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World Food Program Accelerates Horn of Africa Aid


Turkana women and their children wait to receive relief food supplies near the Kakuma Refugee Camp, Turkana District, northwest of Kenya's capital Nairobi, August 8, 2011

Turkana women and their children wait to receive relief food supplies near the Kakuma Refugee Camp, Turkana District, northwest of Kenya's capital Nairobi, August 8, 2011

The World Food Program says it is speeding up aid deliveries to the Horn of Africa, where more than 12 million people need urgent help to deal with famine and drought.

The group said Tuesday it is starting the first of nine airlifts to Mombasa, Kenya, with enough high-energy biscuits to feed 1.6 million people for a day. From there, the provisions will be sent to vulnerable people across the region.

Definition of Famine:

The word famine is a term that is not used lightly by humanitarian organizations. The United Nations describes a crisis as a famine only when the following conditions are met:

  • Malnutrition rates exceed 30 percent
  • More than two people per 10,000 people are dying each day
  • Severe lack of food access for large population

Current Famine:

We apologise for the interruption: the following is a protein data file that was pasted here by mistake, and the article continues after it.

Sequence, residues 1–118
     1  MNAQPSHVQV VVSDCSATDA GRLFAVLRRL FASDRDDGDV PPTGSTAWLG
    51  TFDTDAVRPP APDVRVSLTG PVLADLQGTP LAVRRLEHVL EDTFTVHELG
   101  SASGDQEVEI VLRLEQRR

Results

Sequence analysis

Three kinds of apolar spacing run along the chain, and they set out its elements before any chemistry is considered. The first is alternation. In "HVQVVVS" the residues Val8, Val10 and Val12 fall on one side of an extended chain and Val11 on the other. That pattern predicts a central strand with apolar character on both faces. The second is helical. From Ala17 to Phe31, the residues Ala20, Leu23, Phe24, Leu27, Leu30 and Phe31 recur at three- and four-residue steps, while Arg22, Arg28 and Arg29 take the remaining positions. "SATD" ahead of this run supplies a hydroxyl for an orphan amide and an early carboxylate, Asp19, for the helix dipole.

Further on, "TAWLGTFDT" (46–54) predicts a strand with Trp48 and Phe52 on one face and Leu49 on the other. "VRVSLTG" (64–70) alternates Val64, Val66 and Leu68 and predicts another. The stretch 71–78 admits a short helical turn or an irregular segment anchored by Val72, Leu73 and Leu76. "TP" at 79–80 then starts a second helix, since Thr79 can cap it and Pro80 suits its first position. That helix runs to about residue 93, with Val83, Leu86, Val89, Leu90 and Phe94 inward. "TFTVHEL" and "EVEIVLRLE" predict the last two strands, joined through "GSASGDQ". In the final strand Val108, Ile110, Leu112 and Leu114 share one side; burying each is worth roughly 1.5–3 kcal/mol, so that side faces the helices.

• Almost half of Somalia's population, 3.7 million people, are affected by the current crisis with malnutrition rates in southern Somalia the highest in the world, surpassing 50 per cent in some areas. The United Nations says it is likely that tens of thousands have already have died, the majority of those being children.

    The drought that has led to the current famine in parts of Somalia has also affected people in Kenya and Ethiopia.

  • Previous Famines in the Horn of Africa:

  • Somalia 1991-1992
  • Ethiopia 1984-1985
  • Ethiopia 1974

The WFP says it plans to send thousands of tons of fortified foods to Somalia during the next two months, particularly to help malnourished children under the age of 5.

Meanwhile, the U.N. Food and Agriculture Organization (FAO) says it is very concerned about the large numbers of Somalis leaving their homes in search of food and water.

The agency says the Somalis are flooding refugee camps and leaving behind farms without planting new crops.

An official says the FAO is working on ways to keep people at home. The agency also called a high-level meeting on the drought crisis for August 18.

Aid delivery

In the capital, Mogadishu on Tuesday, aid groups continued to deliver food and other supplies to drought and famine victims, after the withdrawal of al-Shabab militants on Saturday.

The U.N. refugee agency airlifted more than 31-metric tons of aid to the capital on Monday, completing its first relief flight into the capital in more than five years.

Al-Shabab controlled parts of Mogadishu until the pullout. The group has has banned most foreign aid groups from operating in areas under its control, including most of the five areas declared famine zones by the United Nations.

The United Nations estimates that 3.7 million people in Somalia are in need of aid, with more than two million of them living in the south.

Slideshow: Somalia Famine

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